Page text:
Cloud seeding, an experimental technique to increase rain or snowfall, may not be able to save Colorado from another summer of fires and water restrictions, according to one CSU professor.
“The increase could be between five to 10 percent,” said William Cotton, a professor of atmospheric science. “[Cloud seeding] may increase precipitation but it is very modest. It’s not going to be a drought breaker.”
The Weather Modification Association published an informational pamphlet that explains the cloud seeding process.
As the temperature rises, vapor molecules in the air can increase their volume. When that air is cooled, excessive water that has condensed in the vapor molecules begins to form cloud droplets. Cloud droplets form around microscopic aerosol particles in the atmosphere. Clouds consist of many tiny cloud droplets, and it takes about one million droplets just to produce one raindrop.
The summer is coming to a close and the most essential part of the year for precipitation is rapidly approaching.
When cloud droplets reach the mountains, the moist air is lifted and swiftly cooled. These super-cooled particles usually retain roughly 90 percent of their precipitation. To seed these clouds, ice-forming substances are added. Silver iodide is the most common component added to clouds by airplanes or ground devices. Not all seeding projects are a success, but studies have shown that some projects have increased precipitation by up to 15 percent.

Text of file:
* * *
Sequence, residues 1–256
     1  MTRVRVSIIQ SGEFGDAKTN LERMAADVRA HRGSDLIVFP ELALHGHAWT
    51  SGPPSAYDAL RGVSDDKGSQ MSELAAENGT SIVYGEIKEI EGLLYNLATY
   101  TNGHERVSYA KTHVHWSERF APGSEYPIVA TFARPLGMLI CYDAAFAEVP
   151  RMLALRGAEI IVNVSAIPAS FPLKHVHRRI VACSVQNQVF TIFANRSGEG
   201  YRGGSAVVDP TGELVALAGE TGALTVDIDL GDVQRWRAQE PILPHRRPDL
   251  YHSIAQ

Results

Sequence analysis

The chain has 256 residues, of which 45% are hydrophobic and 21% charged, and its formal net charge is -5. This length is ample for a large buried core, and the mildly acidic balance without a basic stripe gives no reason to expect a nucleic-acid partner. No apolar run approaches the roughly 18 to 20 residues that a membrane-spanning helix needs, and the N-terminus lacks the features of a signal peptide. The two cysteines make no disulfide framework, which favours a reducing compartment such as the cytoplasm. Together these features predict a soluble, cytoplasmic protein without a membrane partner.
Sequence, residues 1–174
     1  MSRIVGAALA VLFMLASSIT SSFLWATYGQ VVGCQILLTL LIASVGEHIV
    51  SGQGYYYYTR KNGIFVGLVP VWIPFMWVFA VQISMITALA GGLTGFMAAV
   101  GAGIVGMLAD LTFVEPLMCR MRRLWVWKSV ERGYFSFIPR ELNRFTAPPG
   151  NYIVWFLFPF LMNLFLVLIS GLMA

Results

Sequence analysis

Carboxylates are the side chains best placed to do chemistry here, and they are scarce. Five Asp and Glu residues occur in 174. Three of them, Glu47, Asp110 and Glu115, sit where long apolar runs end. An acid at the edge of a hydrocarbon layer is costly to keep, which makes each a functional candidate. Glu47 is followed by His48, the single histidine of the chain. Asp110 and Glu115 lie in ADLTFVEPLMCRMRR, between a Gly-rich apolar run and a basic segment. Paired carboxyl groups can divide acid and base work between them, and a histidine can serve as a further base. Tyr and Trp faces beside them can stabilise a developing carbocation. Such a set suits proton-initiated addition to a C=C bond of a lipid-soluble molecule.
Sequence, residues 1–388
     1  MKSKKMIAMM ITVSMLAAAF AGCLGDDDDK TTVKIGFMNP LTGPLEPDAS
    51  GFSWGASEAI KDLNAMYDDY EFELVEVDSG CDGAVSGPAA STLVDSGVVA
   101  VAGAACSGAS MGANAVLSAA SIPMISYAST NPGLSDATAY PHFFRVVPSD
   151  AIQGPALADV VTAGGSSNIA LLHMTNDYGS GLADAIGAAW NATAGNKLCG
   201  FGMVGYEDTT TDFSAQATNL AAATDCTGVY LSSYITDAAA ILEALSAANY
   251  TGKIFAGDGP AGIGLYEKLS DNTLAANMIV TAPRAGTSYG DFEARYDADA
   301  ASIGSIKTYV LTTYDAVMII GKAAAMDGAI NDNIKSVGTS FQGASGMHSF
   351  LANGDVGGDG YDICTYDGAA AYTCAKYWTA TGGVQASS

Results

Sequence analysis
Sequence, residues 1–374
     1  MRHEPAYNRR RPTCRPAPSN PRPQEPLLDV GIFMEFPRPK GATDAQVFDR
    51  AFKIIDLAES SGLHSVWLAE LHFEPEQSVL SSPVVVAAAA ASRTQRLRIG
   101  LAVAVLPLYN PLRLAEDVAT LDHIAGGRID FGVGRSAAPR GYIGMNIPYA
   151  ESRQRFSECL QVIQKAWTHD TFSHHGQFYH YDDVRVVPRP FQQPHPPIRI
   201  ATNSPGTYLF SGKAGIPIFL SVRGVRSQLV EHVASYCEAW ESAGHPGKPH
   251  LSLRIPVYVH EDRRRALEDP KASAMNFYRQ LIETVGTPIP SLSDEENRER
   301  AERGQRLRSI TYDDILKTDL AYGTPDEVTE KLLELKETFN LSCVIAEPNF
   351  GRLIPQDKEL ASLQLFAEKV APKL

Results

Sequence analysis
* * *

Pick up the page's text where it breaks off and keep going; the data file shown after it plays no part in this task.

Over the past year, the amount of water in Colorado has reached an extremely low level due to little precipitation. This problem has left some scientists looking for ways to get more snow this winter.
Colorado’s oldest industry, agriculture, is faced with extinction. According to the Ag Journal, a publication geared at farmers and ranchers, 50 percent of the cattle herds that have been an essential part of Colorado for over a century have been sold because there hasn’t been enough water to sustain them. Also, 50 percent of the winter-wheat crop has been lost, meaning feeding cattle this winter will be an enormous challenge.
Cloud seeding, a process used for decades by ski resorts, is providing hope for some. According to the World Meteorological Organization, cloud seeding projects are currently being implemented in more than 40 countries. The Denver Water Board is considering generators to seed clouds over the mountains in hopes of increasing water levels.
“If the results would help drought ridden areas, the experiments would be worth the effort,” said Audrey Padgett, freshman equine science major.
Cotton also mentioned the fact that cloud seeding is easier to do in the winter than in the summer months because “winter storms are more predictable and consistent.”
Dr. Cotton feels that the benefit versus the cost should be weighed when determining the productivity of cloud seeding.
“Cloud seeding is like the pimple on the butt of nature,” Cotton said.
Cotton thinks it is appropriate to find the normal water yield and then compare it to the possible increase in precipitation and cost of seeding.